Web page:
THE SEA OF MONSTERS PDF

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THE SEA OF MONSTERS. Percy Jackson and the Olympians – Book 2. Rick Riordan. Scanned by Cluttered Mind. ONE. MY BEST FRIEND SHOPS. This book is in many ways Part II of my book, Rich Dad poor Dad for those My rich, but uneducated brozokpulepsmen.cf - Free Magazines Download in PDF for. The Sea of Monsters (Percy Jackson and the Olympians #2) The heroic son of Poseidon makes an action-packed comeback in the second must-read installment.


The Sea Of Monsters Pdf

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She was the architect for a whole new world. She had reunited her parents. She had saved Luke. She had done everything she wanted.

There is room for speculation about Luke. Some readers may argue that Annabeth wants to be friends with him again; others may say that she only wishes he had never betrayed her. Readers might also note that in other parts of the book, it is revealed that Annabeth aspires to be an architect. Choose two father-son or father-daughter relationships from the story to compare and contrast. Describe one way in which these relationships are similar and one way in which they are different.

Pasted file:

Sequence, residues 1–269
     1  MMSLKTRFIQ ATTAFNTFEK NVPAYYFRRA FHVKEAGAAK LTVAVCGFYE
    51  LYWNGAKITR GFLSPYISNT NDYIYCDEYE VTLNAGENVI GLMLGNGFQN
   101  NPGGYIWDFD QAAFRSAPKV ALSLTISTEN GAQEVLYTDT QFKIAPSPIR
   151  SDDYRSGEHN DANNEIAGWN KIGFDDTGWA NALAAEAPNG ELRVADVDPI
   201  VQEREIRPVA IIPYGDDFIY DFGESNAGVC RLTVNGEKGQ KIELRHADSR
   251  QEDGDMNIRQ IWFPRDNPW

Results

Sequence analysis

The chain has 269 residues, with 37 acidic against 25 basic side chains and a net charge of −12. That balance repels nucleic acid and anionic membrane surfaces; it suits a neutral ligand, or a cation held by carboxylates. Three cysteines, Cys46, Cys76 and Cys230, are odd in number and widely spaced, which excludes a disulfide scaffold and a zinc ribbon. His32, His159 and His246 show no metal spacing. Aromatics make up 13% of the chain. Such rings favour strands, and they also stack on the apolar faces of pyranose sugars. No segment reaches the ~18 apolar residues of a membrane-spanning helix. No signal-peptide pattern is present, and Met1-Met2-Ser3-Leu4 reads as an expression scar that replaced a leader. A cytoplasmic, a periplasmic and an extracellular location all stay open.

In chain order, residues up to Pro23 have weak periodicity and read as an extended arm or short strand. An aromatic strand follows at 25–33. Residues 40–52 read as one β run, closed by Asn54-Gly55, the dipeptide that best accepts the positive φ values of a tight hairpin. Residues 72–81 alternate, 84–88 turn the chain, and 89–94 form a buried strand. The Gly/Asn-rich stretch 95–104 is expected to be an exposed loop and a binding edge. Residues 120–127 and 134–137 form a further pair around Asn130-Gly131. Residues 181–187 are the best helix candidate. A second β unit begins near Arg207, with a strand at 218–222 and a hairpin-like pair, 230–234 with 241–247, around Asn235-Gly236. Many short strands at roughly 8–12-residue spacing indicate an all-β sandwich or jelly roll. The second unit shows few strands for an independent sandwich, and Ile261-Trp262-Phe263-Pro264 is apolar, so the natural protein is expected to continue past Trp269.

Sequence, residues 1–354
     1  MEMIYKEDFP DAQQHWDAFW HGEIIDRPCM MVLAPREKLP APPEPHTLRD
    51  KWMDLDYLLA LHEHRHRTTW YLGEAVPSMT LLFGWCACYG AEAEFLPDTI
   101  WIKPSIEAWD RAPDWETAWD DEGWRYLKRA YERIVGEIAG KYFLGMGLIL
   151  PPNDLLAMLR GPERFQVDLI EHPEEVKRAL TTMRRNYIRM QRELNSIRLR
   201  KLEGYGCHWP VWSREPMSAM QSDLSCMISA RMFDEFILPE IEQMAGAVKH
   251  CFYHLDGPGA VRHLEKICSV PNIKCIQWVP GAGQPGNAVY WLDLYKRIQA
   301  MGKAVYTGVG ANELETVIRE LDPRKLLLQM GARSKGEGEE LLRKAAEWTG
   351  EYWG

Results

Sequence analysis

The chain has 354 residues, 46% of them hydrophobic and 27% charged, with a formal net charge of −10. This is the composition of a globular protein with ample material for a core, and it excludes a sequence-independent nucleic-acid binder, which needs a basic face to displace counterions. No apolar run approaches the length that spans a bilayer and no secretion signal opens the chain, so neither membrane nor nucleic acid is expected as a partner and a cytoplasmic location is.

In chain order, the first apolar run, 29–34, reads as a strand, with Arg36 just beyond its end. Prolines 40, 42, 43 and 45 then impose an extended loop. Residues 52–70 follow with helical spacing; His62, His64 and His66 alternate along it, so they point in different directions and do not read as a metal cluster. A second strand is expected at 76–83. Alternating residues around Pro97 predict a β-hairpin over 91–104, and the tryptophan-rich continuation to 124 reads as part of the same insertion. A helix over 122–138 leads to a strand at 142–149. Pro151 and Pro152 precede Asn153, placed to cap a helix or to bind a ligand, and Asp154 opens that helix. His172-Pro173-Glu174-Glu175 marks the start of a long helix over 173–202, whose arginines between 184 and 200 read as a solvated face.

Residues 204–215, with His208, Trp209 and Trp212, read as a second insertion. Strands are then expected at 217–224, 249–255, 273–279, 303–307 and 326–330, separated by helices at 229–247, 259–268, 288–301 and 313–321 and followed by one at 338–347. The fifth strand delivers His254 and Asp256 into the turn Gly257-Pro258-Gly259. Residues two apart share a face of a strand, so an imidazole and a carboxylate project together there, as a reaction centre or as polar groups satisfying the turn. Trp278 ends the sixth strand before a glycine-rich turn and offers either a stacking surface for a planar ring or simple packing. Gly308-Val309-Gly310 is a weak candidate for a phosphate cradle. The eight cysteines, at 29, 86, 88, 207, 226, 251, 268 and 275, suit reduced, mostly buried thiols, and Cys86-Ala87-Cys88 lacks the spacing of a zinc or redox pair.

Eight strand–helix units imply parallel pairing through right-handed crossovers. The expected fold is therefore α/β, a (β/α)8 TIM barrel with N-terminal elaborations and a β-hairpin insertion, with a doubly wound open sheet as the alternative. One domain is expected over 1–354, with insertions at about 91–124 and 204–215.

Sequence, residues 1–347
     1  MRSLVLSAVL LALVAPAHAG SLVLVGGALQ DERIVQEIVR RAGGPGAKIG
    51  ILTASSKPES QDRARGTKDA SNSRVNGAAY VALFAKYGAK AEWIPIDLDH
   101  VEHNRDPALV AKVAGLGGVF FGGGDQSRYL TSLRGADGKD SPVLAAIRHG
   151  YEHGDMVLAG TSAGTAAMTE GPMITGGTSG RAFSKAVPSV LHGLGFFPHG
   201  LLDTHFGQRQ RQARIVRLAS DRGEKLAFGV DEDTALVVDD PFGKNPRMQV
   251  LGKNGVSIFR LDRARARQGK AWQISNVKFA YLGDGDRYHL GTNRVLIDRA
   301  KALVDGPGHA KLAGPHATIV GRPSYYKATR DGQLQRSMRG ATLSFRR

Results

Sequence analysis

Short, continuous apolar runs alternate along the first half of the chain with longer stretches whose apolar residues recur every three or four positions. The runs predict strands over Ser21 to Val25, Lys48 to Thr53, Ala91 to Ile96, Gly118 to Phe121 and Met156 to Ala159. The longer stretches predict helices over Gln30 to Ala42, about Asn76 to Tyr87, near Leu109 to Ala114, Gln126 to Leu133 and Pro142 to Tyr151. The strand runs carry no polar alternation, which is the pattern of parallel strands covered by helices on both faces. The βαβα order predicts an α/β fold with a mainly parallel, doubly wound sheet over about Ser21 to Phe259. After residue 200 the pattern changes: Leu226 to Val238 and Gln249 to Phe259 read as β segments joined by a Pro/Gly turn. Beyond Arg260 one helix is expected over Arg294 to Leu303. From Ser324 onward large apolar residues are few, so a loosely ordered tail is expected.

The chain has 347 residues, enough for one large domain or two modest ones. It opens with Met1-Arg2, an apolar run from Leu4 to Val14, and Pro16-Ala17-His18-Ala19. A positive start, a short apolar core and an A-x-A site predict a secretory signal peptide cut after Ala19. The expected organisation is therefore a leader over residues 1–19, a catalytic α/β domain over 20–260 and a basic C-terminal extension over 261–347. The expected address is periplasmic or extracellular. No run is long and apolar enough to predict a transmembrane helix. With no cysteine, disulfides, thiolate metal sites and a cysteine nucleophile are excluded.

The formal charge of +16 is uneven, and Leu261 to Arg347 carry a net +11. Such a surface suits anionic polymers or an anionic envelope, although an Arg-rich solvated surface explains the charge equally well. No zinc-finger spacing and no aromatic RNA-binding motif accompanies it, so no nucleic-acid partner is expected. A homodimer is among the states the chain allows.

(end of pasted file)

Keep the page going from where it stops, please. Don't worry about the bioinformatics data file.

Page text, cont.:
The Sea of Monsters (Percy Jackson and the Olympians, Book 2)

References to each of these relationships are spread throughout the book. Some offspring, like Percy, feel abandoned, while others, like Clarisse, seem afraid of disappointing their parents. By way of contrast, Luke seems to reject his father's efforts to reach out to him.

How do Percy's feelings about Tyson at the end of the story differ from his feelings about Tyson at the beginning of the story? What do you think is the reason for this change? Early in the book, Percy seems embarrassed by and impatient with Tyson.

When he discovers Tyson is his brother he says, "Now I was Percy Jackson, the poor schmuck with the ugly monster for a brother," and even downplays their relationship to others, while adding that he is angry with his father. As they spend time together as bunkmates, Percy softens and sympathizes with Tyson, who was left to live on the streets by their father. When he mistakenly thinks Tyson is dead, Percy is devastated and guilt-ridden. Finally, by the end of the book, on page , Percy says to Tyson, "You're my brother.